2. The agent may not be able to explore all possible states and actions in a reasonable amount of time

 

Active learning strategy in computer vision
The advantages of Active Learning with visual data in computer vision

 

Markov Decision Process (MDP)

The Markov Decision Process (MDP) is a mathematical framework in Reinforcement Learning (RL) to model sequential decision-making problems. It provides a formal representation of the environment in states, actions, transitions between states, and a reward function definition.

 

Agent environment interaction using Deep Reinforcement Learning
The agent-environment interaction in the Markov Decision Process MPD for ranking information with reinforcement learning – Source

 

The MDP framework assumes that the current state depends only on the previous state and action. This simplifies the problem and makes it computationally tractable. Using the Markov Decision Process, reinforcement learning algorithms can compute the optimal policy that maximizes the expected cumulative reward.

The MDP provides a framework for evaluating the performance of different RL algorithms and comparing them to each other.

Deep Reinforcement Learning

In the past few years, Deep Learning techniques have become very popular. Deep Reinforcement Learning combines Reinforcement Learning with Deep Learning techniques to solve challenging sequential decision-making problems.

The use of deep learning is most useful in problems with high-dimensional state space. With deep learning, Reinforcement Learning solves complicated tasks with lower prior knowledge. This is because of its ability to learn different levels of abstraction from data.

To use reinforcement learning successfully in situations approaching real-world complexity, however, agents receive a difficult task. They must derive efficient representations of the environment from high-dimensional sensory inputs. Then, they must use these to generalize experience to new situations.

This makes it possible for machines to mimic some human problem-solving capabilities, even in high-dimensional space. Only a few years ago, this problem-solving was difficult to conceive.

 

Applications of Deep Reinforcement Learning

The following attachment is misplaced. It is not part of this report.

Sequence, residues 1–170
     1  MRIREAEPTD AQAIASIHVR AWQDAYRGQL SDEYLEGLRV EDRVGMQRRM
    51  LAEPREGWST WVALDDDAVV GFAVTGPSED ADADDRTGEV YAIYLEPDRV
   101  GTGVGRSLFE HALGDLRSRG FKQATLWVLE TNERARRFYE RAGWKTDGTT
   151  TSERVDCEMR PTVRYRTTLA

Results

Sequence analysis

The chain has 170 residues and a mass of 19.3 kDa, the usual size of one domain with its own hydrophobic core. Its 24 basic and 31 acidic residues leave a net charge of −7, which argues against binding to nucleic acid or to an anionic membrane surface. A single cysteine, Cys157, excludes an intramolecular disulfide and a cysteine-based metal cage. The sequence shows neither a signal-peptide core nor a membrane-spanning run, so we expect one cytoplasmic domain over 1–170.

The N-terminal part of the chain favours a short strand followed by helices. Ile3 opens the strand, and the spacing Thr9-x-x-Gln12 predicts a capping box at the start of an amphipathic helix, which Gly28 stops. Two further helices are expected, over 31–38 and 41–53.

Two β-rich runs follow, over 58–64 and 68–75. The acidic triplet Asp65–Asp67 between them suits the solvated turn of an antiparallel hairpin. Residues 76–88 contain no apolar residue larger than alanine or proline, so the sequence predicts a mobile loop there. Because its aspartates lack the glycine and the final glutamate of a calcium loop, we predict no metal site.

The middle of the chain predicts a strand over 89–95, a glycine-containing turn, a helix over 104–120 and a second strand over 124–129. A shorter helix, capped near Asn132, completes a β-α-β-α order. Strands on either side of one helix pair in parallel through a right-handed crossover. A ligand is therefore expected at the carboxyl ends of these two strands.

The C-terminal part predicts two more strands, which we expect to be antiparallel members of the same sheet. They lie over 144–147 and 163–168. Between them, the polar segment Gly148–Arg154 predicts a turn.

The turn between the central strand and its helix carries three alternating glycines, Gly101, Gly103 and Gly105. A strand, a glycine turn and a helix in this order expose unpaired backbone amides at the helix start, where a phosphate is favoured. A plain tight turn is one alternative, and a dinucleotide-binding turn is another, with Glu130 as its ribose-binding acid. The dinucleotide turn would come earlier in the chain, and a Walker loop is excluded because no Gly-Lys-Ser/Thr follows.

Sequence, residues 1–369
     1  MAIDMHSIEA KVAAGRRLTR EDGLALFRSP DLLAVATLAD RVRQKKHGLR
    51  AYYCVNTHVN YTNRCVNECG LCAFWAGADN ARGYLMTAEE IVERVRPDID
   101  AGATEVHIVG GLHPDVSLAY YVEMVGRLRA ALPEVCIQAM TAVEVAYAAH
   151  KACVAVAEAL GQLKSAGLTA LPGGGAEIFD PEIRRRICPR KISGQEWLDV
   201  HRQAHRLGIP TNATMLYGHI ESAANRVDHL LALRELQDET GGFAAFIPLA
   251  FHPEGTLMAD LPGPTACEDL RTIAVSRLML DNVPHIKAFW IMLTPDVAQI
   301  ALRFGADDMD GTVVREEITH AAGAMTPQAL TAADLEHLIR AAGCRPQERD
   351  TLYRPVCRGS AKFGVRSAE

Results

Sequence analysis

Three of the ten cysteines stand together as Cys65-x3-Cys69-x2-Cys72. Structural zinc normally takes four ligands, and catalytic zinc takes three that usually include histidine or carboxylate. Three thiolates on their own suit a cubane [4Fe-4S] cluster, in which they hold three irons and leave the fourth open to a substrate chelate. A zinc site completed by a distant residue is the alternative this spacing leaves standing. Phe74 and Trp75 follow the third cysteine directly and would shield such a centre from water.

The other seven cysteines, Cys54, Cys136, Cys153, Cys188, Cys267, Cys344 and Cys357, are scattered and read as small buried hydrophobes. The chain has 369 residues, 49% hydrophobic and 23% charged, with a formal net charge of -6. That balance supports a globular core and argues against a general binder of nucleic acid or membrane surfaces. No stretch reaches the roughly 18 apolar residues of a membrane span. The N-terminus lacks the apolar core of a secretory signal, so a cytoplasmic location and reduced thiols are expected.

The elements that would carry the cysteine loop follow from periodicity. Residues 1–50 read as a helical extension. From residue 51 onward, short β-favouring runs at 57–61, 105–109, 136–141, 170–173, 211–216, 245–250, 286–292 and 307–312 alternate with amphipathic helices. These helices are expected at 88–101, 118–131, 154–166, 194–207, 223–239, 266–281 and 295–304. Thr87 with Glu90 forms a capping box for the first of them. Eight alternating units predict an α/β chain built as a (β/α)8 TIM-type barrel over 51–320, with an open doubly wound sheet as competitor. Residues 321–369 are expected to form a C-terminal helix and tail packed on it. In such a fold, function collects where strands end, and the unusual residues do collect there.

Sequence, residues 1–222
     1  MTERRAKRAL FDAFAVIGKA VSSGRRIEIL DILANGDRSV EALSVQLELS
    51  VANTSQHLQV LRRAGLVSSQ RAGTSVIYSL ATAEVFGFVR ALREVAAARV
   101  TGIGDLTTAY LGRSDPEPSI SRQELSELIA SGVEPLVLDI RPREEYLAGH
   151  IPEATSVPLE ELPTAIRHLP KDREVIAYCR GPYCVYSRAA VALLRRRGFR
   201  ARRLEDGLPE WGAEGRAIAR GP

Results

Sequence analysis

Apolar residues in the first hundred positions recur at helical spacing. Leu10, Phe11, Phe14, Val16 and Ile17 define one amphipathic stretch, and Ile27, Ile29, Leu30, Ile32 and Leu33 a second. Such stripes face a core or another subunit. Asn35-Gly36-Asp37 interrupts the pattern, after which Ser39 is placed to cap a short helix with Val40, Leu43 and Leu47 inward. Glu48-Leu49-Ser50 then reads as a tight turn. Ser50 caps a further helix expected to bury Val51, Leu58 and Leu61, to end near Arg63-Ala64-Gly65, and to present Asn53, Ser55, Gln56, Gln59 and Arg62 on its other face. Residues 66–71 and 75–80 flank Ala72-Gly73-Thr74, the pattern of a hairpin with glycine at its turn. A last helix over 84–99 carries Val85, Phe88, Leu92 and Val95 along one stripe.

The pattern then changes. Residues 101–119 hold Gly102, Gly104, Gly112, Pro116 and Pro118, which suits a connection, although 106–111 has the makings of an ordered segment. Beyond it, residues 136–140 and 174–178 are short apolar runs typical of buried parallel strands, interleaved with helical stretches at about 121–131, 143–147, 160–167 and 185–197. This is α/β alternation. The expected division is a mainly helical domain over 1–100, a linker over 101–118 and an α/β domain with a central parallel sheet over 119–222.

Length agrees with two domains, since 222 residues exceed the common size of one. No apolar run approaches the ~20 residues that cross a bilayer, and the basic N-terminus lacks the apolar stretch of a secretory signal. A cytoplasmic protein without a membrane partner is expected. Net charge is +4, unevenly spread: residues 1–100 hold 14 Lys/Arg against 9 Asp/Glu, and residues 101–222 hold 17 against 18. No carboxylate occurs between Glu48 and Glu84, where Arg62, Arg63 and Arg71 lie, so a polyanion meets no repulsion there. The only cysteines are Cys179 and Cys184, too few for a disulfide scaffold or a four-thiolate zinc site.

Some prominent projects used deep Reinforcement Learning in games with results that are far beyond what is humanly possible. RL techniques have demonstrated their ability to tackle a wide range of problems that were previously unsolved.

Deep Reinforcement Learning in Gaming

Deep RL has achieved human-level or superhuman performance for many two-player or even multi-player games. Such achievements with popular games are significant because they show the potential of deep Reinforcement Learning. With games, we have good or even perfect simulators, and can easily generate unlimited data.

  • Atari 2600 games: Machines achieved superhuman-level performance in playing Atari games.
  • Go: Mastering the game of Go with deep neural networks.
  • Poker: AI can beat professional poker players in the game of heads-up no-limit Texas hold ’em.
  • Quake III: An agent achieved human-level performance in a 3D multiplayer first-person video game. It used only pixels and game points as input.
  • Dota 2: An AI agent learned to play Dota 2 by playing over 10,000 years of games against itself (OpenAI Five).
  • StarCraft II: An agent learned how to play StarCraft II with a 99\% win rate. It used only 1.08 hours on a single commercial machine.
Deep Reinforcement Training in the Real World

Those achievements set the basis for the development of real-world deep reinforcement learning applications:

  • Robot control: We apply robust adversarial reinforcement learning as an agent operating in the presence of an adversary. This adversary applies disturbance forces to the system. The machine learns an optimal destabilization policy. AI-powered robots have a wide range of applications, e.g. in manufacturing, supply chain automation, healthcare, and many more.
  • Self-driving cars: Deep Reinforcement Learning often plays a role in autonomous driving. Autonomous driving scenarios involve interacting agents and require negotiation and dynamic decision-making, which suits Reinforcement Learning.